Also known as Killer in the Dark, this film was never officially released. Not to theatres. Not to television. Not to home video. Instead, though it was made 14 years ago, it was released online this year by its creator, Rick Vasquez, who wrote and produced the film; it is the sole film to his credit. Directing credit is given to a John Preston, whose sole other credit is a direct-to-video documentary on boxer Jim Braddock.
Normally I’d skip over such a minor release unless there was something about the premise or reputation or cast that intrigued me. In this case, it was the cast. Where else could I find Corey Feldman in the same film as Adam West?
Those two b-movie luminaries are easily the highlights of this film, as the only other veteran actor is Chris Casamassa, probably best known for his role as Scorpion in Mortal Kombat. The rest of the cast is made up of actors with little or no prior experience, and it shows.
It is perhaps uncouth to kick a film when it’s down, and given the film’s release history, it’s about as down as a film can be. But there’s no kind way to say this: the movie is terrible. The acting, even from Feldman — who I’ve seen turn in a decent acting job in films! — is extremely stiff and stilted. Casamassa and West do all right, but only all right. Everybody else is awkward at best in their roles. I have to put it down to a combination of inexperience on the part of most of the actors and inexperience on the part of the director, who really should have been able to get passable performances out of at least the more experienced actors.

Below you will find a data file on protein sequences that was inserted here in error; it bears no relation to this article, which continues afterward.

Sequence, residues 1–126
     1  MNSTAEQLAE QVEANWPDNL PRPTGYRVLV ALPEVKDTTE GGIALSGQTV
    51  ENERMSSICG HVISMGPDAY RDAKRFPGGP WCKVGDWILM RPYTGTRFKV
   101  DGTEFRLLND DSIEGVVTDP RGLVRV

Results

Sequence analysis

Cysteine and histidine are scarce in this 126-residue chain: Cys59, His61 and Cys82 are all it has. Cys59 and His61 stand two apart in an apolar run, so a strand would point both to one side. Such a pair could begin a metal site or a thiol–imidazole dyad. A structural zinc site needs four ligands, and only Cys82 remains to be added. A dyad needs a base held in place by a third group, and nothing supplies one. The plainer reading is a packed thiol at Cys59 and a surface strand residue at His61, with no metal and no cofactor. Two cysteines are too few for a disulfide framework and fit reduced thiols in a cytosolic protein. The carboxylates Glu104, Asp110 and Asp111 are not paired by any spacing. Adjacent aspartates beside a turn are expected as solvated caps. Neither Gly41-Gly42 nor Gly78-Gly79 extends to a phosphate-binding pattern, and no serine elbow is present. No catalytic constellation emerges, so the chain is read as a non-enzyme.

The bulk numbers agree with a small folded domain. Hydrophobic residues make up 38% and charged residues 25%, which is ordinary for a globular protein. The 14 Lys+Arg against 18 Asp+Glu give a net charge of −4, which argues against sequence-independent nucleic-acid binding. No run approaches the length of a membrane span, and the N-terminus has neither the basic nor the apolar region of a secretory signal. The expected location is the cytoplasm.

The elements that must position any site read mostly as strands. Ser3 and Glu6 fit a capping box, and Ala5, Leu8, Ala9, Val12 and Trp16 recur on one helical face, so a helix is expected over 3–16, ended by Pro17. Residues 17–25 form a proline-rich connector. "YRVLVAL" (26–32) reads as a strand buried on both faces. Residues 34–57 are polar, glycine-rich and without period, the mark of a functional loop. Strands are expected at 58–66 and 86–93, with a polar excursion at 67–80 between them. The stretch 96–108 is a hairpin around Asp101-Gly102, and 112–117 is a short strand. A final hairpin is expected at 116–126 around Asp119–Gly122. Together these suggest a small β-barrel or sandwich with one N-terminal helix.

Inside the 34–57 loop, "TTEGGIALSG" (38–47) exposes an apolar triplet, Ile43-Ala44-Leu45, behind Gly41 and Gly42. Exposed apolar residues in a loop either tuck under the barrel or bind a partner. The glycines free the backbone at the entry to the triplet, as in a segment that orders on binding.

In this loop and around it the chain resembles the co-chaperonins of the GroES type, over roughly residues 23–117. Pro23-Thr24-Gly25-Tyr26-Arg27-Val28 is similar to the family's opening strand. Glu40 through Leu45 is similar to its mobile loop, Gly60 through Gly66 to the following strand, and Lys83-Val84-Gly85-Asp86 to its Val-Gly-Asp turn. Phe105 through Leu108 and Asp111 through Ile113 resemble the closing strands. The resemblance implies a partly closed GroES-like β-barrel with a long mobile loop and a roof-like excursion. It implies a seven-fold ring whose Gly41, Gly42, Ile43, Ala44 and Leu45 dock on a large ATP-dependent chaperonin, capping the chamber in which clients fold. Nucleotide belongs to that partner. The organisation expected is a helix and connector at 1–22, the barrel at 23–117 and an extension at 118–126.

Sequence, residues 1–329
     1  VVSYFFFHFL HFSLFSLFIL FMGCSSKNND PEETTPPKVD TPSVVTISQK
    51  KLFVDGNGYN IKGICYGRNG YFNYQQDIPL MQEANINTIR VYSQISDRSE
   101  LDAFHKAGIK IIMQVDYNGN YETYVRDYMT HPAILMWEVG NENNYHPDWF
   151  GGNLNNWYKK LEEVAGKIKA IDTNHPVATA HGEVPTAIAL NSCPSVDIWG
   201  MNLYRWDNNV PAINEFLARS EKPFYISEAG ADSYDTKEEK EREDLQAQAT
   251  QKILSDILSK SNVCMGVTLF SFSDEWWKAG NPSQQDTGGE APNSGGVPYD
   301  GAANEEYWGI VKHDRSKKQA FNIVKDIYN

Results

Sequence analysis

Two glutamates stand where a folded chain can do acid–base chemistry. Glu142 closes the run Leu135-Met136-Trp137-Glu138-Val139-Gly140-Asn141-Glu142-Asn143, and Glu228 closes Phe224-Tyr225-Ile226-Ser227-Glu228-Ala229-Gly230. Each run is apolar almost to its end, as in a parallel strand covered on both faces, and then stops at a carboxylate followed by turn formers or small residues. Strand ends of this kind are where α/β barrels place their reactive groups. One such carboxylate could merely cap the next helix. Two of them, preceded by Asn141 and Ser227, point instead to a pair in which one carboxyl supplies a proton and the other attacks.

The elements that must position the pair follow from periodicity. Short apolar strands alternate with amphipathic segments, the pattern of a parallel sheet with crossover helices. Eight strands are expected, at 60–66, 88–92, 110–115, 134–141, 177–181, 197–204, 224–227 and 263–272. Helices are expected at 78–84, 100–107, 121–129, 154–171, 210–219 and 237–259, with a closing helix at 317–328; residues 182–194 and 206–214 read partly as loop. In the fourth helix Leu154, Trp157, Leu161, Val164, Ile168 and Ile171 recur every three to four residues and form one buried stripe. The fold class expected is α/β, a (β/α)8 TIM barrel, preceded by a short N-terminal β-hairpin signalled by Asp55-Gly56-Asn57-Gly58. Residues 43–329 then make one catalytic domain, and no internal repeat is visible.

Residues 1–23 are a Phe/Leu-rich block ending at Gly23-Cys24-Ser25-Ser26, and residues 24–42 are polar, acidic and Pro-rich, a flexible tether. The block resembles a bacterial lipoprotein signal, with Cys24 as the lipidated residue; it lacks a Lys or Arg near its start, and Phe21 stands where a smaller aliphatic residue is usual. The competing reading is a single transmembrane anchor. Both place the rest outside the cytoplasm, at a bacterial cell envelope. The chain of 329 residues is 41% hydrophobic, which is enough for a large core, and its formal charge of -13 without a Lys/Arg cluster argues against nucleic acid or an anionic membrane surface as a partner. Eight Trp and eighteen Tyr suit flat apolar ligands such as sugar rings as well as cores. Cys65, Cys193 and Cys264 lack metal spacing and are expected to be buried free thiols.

But mostly the problem is the writing. The plot’s passable: a group of young adults hold a seance to contact a ghost that once haunted the brother of one of them, in an attempt to find out if he really was real. After making contact, however, they find he’s possessed a serial killer and is now after them. It could have worked; successful horror movies have been built out of less than this. But the dialogue is trite and hackneyed and overly melodramatic. It is rare that a character utters a line that hasn’t been said in a dozen films before it. I felt sorry for Feldman — not his character, Feldman himself — when he was grabbing one of his co-stars by the shoulders and asking “Where’s the brave, strong girl I used to know?” at the top of his lungs.
The special effects are pretty hokey, but this is only to be expected from a low-budget film. They would have been easy enough to forgive had the writing been better. But the dialogue makes the characters impossible to believe in or care about, and often makes it hard to understand just what’s going on. People who are fans of Feldman or West may be inclined to track this down out of curiosity. Don’t bother. Let it be enough just to know it’s out there.